Professor Josef Vormoor, who developed pioneering cancer treatments for children with his role at the Northern Institute for Cancer Research, is leaving Newcastle University.
Professor Vormoor, from Leer, Germany, worked for three years as Director of the Institute and for 12 years at the university. He is moving to the Netherlands to work at the national cancer centre in Utrecht, and has said that, although he was ultimately swayed by the new opportunity, Brexit did play a role in his decision to move abroad.
Although he was ultimately swayed by the new opportunity, Brexit did play a role in his decision to move abroad
His decision to leave the University and the Institute has furthered the discussion about the impacts that Brexit is having on research funding and recruitment of academia, which has echoed warnings from the science industry.
Discussing the potential impact, Professor Vormoor described how “recruiting doctors and scientists from Europe is going to be more difficult”, which will be coupled with increased problems with accessing funding.
“I still think people will come to work in this country’s universities and hospitals in the long term because they’re fantastic but there’s going to be a difficult period in the short term because of the lack of certainty.”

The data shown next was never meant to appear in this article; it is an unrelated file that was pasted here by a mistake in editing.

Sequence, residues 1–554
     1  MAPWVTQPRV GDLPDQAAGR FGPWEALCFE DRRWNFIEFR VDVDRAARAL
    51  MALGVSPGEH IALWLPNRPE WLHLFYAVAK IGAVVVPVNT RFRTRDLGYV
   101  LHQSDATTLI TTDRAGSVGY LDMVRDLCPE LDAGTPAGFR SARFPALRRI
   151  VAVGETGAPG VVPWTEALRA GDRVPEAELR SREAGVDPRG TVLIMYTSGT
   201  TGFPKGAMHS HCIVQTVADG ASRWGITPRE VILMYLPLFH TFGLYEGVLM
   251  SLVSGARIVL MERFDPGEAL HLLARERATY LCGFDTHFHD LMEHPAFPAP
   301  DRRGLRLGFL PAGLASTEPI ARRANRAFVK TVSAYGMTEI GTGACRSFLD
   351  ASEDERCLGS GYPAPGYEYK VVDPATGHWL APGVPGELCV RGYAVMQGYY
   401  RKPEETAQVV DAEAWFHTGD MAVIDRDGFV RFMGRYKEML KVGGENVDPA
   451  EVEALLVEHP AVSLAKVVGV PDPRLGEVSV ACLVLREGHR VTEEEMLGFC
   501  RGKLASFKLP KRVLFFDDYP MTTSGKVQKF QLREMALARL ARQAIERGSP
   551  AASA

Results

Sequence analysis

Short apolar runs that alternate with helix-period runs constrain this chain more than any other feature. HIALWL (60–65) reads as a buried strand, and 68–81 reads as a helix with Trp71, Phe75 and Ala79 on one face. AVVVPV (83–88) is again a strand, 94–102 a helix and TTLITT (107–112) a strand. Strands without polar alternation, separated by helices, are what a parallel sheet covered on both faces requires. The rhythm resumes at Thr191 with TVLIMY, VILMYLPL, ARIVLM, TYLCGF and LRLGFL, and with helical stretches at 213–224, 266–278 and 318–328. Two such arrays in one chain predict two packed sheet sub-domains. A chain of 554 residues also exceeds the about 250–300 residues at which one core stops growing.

“Scientific research is a global community. The majority of clinical trials to treat cancer in children I’ve been involved with have been cross-border because there simply haven’t been enough patients here to test treatments on.”
These concerns have been echoed by Professor Steve Clifford, who has replaced Professor Vormoor as Director of the Northern Institute for Cancer Research. He described how “Brexit has created great uncertainty over our future relationships with our European colleagues in medical research.”
“It is fundamental that essential Europe-wide medical research does not lose out in the Brexit negotiations. European Institutions [and academics] are critical partners in the research and development of improved therapies, and EU funding and regulatory authorities are central to much of this work.”
Both Professors Vormoor and Clifford firmly believe that further clarity is needed on Brexit’s impact on universities and scientific organisations so that resources can be efficiently allocated and new funding sources sought.
Reflecting Newcastle University’s position as a global research hub, a spokesperson said, “we continue to prioritise securing opportunities for our researchers and students to access vital pan-European programmes and build new global networks.”
“We remain unswerving in our commitment to a continuation of substantial numbers of European and international staff and students as we support and value all their contribution.”
Professor Vormoor has been highly praised for his achievements at the University, with his work described by a University spokesman as “outstanding”. Despite the uncertainty caused by Brexit, the Institute is optimistic for the future and it is hoped that new Director Professor Clifford, who was heralded/hailed as “fantastic” by his predecessor, will echo Professor Vormoor’s success.